Elsewhere in the state, Trillium Community Health Plan in Eugene has a program starting this month that gives up to $200 in prepaid debit cards to pregnant mothers who quit smoking.

Oregon’s law also has led to the rapid expansion of “health homes,” supporting a system of primary care that calls for clinics to stay open longer and offer same-day appointments.

The health home model has been successful at improving preventive care in Enterprise, Ore., a town of 2,000 in the remote northeastern corner of the state.

“You don’t feel like you’re just pushing papers around here. You really feel like you have an important part to play in improving people’s health,” said Dr. Elizabeth Powers, one of four physicians at Winding Waters Clinic in Enterprise, an early adopter of the health home model.

The clinic serves all patients, including those with Medicaid, Medicare and private insurance. The federal Affordable Care Act also encourages wider adoption of the health home model.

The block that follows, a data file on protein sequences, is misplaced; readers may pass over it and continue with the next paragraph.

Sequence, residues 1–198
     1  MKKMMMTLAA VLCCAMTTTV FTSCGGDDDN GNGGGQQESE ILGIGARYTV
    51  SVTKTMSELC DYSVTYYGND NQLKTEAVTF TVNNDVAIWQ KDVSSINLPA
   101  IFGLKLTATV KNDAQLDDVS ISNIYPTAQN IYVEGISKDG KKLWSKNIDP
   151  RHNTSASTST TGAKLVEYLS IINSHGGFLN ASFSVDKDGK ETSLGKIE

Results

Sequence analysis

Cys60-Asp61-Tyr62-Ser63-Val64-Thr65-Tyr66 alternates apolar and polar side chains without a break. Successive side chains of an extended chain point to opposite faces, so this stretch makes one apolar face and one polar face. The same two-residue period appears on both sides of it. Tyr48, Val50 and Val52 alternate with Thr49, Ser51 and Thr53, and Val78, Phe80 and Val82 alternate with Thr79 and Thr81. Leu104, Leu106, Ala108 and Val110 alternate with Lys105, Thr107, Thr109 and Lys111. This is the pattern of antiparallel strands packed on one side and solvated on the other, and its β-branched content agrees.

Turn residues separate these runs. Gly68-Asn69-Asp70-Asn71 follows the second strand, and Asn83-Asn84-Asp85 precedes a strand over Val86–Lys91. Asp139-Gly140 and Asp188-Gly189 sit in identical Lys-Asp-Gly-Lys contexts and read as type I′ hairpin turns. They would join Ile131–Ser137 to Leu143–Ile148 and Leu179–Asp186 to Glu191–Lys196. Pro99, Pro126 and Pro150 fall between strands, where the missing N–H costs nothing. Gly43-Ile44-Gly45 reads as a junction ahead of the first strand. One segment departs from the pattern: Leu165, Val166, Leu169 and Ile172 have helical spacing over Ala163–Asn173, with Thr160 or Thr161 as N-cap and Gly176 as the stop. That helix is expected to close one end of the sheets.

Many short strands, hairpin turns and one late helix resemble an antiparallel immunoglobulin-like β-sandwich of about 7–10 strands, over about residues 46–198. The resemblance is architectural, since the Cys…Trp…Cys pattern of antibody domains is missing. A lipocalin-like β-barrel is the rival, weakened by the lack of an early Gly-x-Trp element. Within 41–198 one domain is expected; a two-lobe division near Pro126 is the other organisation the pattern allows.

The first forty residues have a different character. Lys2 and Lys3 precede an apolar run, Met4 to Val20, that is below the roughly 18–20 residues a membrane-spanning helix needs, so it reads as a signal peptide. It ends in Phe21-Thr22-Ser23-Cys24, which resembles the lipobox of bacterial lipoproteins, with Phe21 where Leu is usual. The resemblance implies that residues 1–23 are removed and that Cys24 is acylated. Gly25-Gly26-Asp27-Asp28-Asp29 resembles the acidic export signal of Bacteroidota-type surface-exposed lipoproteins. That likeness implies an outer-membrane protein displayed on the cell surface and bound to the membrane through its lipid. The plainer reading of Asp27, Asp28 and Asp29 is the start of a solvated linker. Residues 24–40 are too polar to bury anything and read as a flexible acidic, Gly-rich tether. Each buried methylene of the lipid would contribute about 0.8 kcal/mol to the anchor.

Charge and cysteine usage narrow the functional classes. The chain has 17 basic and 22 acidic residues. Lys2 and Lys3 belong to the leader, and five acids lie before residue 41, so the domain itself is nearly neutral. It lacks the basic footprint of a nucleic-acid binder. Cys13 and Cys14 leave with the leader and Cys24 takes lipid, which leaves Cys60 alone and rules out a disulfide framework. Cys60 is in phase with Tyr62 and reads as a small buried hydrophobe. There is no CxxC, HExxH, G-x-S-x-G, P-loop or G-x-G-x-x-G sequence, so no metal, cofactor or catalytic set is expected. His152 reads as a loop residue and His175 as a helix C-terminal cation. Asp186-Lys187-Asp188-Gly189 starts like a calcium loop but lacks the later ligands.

In New Jersey, hospitals have reported success with a Medicare program that paid doctors who saved money for hospitals. Officials said it contributed to lower costs and shorter hospital stays without increasing mortality or readmission rates because doctors began considering the costs of their orders.

The experiment, known as “gainsharing,” is expanding this year to more hospitals, including some outside New Jersey.

In Massachusetts, the first state to enact comprehensive health care reforms, lawmakers supported last year a goal of restraining the rise in health care costs to a level no greater than the state’s overall growth rate. To accomplish this, legislators passed a multi-tiered state law that expands the role of physician assistants and nurse practitioners to act as primary care providers, making it easier for patients to access care outside the emergency room.

The law also requires providers to disclose more information to consumers about costs and quality and allows the state to review proposed consolidations to assess the effect on those factors.

The Massachusetts regulations provide money to accelerate electronic record-keeping and create tax credits for businesses that adopt wellness programs to combat preventable chronic diseases.

Cost-containment efforts are not confined to states that have embraced President Barack Obama’s health care reforms.

Many Southern states are transitioning their Medicaid patients into managed-care programs, which receive a fixed amount of money for each patient, regardless of their costs. Some insurance companies are thinning their networks of doctors to funnel patients to lower-cost options.